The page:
HIPAA Regulatory Alert: HHS outlines major changes in privacy

The Department of Health and Human Services (HHS) has said for months that HIPAA would continue to be a work in progress. The agency proved that again last month when it added a new section to the guidance on public health disclosures and another on workers’ compensation disclosures. In addition, HHS updated and expanded the guidance with regard to research. These areas shared a common theme, namely that disclosures are permissible in these areas, says Sue McAndrew, senior advisor for HIPAA privacy policy in HHS’ Office of Civil Rights.

According to McAndrew, HHS heard from many varied sources that the final rule threatened the flow of information. She says the agency wanted to use the guidance to assure people that it is permissible to disclose information for public health purposes as well as workers’ compensation purposes.

According to McAndrew, it also is important to cooperate with researchers to keep those activities moving forward. She says there were a number of questions regarding research, and some of them have been addressed in the guidance. For example, the guidance addresses recruitment policies and how the privacy rule may affect recruitment for these studies.

The guidance also addresses questions about ongoing research where consent had been obtained prior to the implementation date. "Those types of research projects will be grandfathered in based on the consent that was received prior to the compliance date," she reports.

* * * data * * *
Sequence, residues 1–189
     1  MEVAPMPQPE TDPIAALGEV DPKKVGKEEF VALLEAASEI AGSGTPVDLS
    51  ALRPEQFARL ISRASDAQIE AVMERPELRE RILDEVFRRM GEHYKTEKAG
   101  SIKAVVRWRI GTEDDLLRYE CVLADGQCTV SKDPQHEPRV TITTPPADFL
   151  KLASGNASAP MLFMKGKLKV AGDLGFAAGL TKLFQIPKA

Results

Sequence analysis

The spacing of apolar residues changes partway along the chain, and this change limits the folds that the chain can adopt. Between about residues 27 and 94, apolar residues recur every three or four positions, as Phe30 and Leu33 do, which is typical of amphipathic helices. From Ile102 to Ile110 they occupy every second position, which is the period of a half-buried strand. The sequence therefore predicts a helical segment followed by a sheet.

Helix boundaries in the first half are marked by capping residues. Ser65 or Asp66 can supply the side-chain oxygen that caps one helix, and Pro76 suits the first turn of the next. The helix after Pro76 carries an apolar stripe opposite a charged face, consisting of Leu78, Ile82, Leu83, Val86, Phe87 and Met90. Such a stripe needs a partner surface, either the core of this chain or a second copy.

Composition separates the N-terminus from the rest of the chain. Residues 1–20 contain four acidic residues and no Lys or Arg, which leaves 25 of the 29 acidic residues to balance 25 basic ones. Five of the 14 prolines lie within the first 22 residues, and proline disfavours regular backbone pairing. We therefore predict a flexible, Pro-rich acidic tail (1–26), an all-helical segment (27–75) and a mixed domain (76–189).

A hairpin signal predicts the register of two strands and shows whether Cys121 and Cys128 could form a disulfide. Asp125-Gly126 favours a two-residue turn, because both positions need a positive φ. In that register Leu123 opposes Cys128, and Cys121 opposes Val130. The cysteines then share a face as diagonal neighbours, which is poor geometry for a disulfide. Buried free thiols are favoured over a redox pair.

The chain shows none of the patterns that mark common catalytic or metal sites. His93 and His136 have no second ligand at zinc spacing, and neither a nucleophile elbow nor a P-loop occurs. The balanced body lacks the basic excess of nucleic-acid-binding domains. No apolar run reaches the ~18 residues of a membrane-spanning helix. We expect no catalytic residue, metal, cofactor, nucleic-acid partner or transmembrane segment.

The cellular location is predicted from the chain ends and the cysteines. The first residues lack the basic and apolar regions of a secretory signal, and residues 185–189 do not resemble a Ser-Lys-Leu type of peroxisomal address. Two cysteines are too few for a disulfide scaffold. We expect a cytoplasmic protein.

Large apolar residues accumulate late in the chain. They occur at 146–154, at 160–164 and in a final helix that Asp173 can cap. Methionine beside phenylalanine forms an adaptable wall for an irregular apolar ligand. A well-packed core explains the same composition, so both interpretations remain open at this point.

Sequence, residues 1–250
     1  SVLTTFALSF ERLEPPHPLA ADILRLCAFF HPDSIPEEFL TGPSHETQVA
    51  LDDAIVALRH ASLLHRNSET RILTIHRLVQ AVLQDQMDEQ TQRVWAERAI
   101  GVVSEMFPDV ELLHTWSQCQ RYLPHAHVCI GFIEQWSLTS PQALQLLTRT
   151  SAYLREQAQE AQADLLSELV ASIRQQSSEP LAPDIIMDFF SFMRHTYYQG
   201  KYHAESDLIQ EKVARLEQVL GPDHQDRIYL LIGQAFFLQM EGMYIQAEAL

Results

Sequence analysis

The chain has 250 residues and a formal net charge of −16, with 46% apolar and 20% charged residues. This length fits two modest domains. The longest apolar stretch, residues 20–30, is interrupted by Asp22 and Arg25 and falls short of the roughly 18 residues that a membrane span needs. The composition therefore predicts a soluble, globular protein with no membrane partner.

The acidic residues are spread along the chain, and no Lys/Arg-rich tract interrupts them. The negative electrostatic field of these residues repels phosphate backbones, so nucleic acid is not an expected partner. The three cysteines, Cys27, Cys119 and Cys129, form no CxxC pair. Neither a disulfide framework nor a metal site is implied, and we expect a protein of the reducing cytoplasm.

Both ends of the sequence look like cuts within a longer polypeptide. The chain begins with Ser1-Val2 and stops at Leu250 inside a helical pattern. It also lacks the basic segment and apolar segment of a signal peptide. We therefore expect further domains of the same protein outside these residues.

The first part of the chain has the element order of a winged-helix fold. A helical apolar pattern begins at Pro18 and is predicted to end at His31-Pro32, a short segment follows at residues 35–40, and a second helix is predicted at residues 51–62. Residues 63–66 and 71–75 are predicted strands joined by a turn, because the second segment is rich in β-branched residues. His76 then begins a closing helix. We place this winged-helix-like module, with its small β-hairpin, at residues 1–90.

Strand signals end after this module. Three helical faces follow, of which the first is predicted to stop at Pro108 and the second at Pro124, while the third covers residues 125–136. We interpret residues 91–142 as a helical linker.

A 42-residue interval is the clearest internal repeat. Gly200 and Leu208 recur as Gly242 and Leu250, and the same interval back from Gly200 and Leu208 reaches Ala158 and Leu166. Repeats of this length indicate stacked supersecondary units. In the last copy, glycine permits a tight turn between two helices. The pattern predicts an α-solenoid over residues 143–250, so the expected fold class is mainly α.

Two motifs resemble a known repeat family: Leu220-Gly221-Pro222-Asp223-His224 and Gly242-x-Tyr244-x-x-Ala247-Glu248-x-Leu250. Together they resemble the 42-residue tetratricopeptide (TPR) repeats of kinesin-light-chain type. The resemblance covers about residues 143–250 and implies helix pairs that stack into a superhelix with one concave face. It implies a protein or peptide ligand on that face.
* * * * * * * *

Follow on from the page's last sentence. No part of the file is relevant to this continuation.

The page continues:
HHS makes more changes

Here are several other areas where HHS recently has made significant changes:

Marketing. The definition of marketing is one of the areas that was changed substantially in the modifications, according to McAndrew. If a third party is paying to obtain a list of patients for its own marketing efforts, that clearly is marketing, she says. With limited exceptions, all marketing will require an authorization, she adds.

In addition, CMS has tried to clarify both in the rule and in the guidance material what kind of communications do not constitute marketing. For example, McAndrew says that communications with individuals regarding their own health-related products and services have been expressly carved out. "It is not marketing when they are communicating about their own health-related products or services," she says.

Other carve-outs pertain to communications related to the individual’s treatment or care coordination, case management, or alternative therapy recommended to the individual. "All these types of communications can go on freely," she says. "That is not marketing."

Incidental uses and disclosures. Another area that was modified is incidental uses and disclo-sures. "Clearly, these are permissible provided that they are incidental to another permitted use or disclosure," says McAndrew. This issue arises in many treatment settings where the patient may be in a semiprivate room and the conversation between a patient and a physician may be overheard by other patients or visitors. Likewise, physicians and nurses might confer at areas of the hospital where others could potentially overhear the conversation.

Business associates. Another area that was the focus of many questions that resulted in the guidance being expanded is business associates. HHS expanded the guidance to try to address more situations where a business associate contract would be required, says McAndrew. The agency also provided some examples of instances where a business associate arrangement would not be necessary.